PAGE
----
Basically, we write our songs first in the computer and finish all vocals and production. Then we create a live file with the same song elements. I put a click track panned hard left in the mix, and most of the music is a mono mix panned hard right. I say "most of the music" because I leave out most drums because I play them live. The reason we do the whole click-track-left, mono-music-mix-right thing is because there is basically no other way to play a live show without everything being chaotic . By having the click track hard left, I can get only the click in my headphones, through my Numark mixer. By having the music hard right, the backing track CD can come through the house P.A. through both speakers because it's a mono signal. With the click-track on the left, the audience doesn't hear it, only I do and I need it for obvious reasons.

The reason we use a CD instead of MIDI or time code, DAT machine, or laptop is because, quite simply, my laptop can't handle playing a sequence without crashing or having audio dropouts because it's four years old. DAT machines are a pain in the ass because you can't change the set on the fly. You have to fast-forward and rewind if you'd like to make changes in the set. CDs are easy because I can play CD-Rs and skip around by track number if we want to modify the set. We use a Numark CD player with good anti- shock because anything else, as the old 80s deodorant saying goes, "would be uncivilized." The CD has the backing tracks, which play most of the keyboard parts, any additional drum parts to fatten the drum sound live, Jenna's vocal harmonies, and anything else we are unable to do live such as base lines.

We're a three-piece, so we can only play so many instruments live. It's sometimes difficult to get a good mix. Sometimes Jenna's harmony vocals are too low, sometimes too loud. Sometimes the bass line is swampy, and so forth, but it comes with the territory. It takes a few tries to get it right, but usually it doesn't take too long. We don't want any other members in our band, so that's why we have to do it the only way we know how. Plus, I doubt that anyone would be into our music as much as we are. It's tough to find passionate , serious people who aren't drug- abusing idiots or prima donnas.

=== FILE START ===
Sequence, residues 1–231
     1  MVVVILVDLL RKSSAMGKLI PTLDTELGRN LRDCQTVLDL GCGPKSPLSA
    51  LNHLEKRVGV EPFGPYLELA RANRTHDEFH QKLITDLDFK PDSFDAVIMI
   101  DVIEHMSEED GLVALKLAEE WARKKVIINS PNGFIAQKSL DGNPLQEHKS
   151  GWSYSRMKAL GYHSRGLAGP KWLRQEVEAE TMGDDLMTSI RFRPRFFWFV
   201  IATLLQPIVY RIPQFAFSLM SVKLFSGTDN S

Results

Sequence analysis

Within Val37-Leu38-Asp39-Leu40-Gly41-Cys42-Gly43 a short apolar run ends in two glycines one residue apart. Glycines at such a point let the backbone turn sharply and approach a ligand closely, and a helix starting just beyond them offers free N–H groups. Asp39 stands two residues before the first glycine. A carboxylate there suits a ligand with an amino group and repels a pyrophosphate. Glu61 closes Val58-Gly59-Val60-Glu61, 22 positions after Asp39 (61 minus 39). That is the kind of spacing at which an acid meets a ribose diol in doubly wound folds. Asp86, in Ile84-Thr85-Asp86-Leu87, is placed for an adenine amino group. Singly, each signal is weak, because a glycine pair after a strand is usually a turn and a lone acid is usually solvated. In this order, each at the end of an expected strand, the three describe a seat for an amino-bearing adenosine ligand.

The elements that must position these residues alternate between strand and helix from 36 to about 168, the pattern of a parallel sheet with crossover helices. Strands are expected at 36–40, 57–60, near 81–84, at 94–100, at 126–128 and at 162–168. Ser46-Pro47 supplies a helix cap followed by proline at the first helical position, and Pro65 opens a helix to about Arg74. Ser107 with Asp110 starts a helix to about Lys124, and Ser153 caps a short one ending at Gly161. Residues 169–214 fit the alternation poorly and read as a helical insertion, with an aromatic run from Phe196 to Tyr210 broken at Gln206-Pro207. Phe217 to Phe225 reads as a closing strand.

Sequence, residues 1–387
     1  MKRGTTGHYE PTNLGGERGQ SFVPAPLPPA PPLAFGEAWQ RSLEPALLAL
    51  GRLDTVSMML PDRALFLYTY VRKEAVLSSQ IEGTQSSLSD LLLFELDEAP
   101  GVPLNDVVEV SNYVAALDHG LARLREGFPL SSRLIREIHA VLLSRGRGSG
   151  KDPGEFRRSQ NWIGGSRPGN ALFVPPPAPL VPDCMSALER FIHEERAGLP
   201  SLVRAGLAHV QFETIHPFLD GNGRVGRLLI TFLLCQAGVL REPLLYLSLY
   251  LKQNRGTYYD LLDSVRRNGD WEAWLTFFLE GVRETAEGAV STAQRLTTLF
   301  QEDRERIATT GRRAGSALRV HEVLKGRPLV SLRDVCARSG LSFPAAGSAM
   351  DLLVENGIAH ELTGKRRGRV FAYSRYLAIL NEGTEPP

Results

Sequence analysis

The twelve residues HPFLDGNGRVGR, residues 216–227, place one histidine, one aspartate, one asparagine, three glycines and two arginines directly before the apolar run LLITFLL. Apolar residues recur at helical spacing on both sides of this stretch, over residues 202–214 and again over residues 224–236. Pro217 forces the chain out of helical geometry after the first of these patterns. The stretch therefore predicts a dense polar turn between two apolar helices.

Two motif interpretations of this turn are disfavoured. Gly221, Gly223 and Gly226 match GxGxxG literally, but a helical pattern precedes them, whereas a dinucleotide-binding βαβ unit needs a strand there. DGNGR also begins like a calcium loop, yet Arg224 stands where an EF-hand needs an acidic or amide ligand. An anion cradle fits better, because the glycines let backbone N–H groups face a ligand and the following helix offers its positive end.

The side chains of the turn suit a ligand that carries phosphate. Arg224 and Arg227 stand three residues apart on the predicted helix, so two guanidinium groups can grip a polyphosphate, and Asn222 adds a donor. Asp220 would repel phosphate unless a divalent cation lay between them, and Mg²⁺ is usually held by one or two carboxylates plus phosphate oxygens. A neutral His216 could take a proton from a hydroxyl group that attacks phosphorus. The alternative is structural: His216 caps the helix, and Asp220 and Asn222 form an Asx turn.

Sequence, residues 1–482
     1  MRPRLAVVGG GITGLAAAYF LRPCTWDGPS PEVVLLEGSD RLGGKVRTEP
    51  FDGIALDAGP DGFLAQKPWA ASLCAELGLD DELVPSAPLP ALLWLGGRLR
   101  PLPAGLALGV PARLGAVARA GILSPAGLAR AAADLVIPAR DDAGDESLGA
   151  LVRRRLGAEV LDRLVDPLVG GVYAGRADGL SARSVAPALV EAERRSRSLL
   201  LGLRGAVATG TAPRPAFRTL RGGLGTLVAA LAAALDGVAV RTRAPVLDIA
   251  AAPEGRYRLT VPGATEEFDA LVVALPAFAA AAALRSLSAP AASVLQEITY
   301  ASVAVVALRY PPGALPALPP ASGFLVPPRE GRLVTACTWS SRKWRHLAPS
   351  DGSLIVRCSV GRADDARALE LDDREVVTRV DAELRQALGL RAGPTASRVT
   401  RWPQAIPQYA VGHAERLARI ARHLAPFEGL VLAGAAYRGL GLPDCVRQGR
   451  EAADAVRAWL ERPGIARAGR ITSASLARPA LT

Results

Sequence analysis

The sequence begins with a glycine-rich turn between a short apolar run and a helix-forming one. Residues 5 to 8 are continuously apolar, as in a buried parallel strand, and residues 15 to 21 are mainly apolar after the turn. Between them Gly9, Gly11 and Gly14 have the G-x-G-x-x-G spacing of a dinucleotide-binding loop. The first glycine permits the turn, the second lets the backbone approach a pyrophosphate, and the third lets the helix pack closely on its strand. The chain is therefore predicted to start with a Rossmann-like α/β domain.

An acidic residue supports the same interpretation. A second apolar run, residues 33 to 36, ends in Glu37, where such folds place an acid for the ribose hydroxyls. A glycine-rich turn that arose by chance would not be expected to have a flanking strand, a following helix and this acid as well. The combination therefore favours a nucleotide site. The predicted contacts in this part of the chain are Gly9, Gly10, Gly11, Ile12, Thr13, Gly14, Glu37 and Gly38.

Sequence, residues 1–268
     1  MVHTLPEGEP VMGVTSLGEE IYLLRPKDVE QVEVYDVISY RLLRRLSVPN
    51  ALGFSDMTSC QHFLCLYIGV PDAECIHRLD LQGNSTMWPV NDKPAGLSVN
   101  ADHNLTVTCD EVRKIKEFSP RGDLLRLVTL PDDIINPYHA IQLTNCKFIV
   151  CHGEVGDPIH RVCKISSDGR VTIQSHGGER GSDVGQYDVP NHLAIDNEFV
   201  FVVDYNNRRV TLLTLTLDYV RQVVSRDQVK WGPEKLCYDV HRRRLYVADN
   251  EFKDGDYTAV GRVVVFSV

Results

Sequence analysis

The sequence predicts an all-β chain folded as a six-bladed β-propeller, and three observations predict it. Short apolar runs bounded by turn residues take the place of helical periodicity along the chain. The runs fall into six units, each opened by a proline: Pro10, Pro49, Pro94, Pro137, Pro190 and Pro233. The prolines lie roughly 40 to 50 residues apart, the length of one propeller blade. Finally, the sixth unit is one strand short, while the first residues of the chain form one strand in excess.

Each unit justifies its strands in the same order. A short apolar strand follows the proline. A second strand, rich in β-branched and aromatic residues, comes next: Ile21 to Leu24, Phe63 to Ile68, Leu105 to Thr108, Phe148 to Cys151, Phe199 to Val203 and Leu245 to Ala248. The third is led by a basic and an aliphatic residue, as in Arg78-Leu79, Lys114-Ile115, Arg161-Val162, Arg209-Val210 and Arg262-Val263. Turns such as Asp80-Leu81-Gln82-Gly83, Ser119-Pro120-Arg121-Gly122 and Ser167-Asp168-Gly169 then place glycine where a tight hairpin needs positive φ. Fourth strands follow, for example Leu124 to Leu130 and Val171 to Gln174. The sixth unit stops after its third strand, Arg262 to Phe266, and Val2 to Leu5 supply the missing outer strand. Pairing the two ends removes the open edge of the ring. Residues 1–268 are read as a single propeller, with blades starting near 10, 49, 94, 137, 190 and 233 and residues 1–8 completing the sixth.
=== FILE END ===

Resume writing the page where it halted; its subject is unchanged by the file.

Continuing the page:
Something I wanted to point out to anyone out there who is reading this who might be thinking "Oh, all their shit is prerecorded ; they don't do shit live." It's not like that at all. It's a hard process. People respect Nine Inch Nails, and 75 percent of their live show is a DAT machine. You do what you have to do, and anyone who thinks that our live show may be boring or "non-talented" because I press Play to start a song they should research this stuff and maybe they wouldn't be so biased . I've heard some local people talk shit about us because we have the prerecorded backing track, but whatever. I just laugh because we all do some thing live. I'm doing the drums, Joel's doing 96 percent of the guitars (sometimes we prerecord some lead guitars on the backing track CD), and Jenna does 96 percent of the vocals live, plus she plays guitar while singing. And we're not one of those bands who doesn't get into it live. We play like it's the last thing we're ever going to do. I hate unpassionate live performers. The stage is so fucking energetic. It's like, just because we play a mellower style of music doesn't mean we aren't rocking out or grooving with all we've got. When I get off my kit to scratch, during a breakdown or something, I freak out on that turntable. I jump around, groove, whatever. The other members of the band are equally energetic . So I dunno . I just wanted to point out to anyone thinking that just because you use a backing track live, it doesn't mean you are a talentless idiot. As I said, it's tough, but we do what we have to do.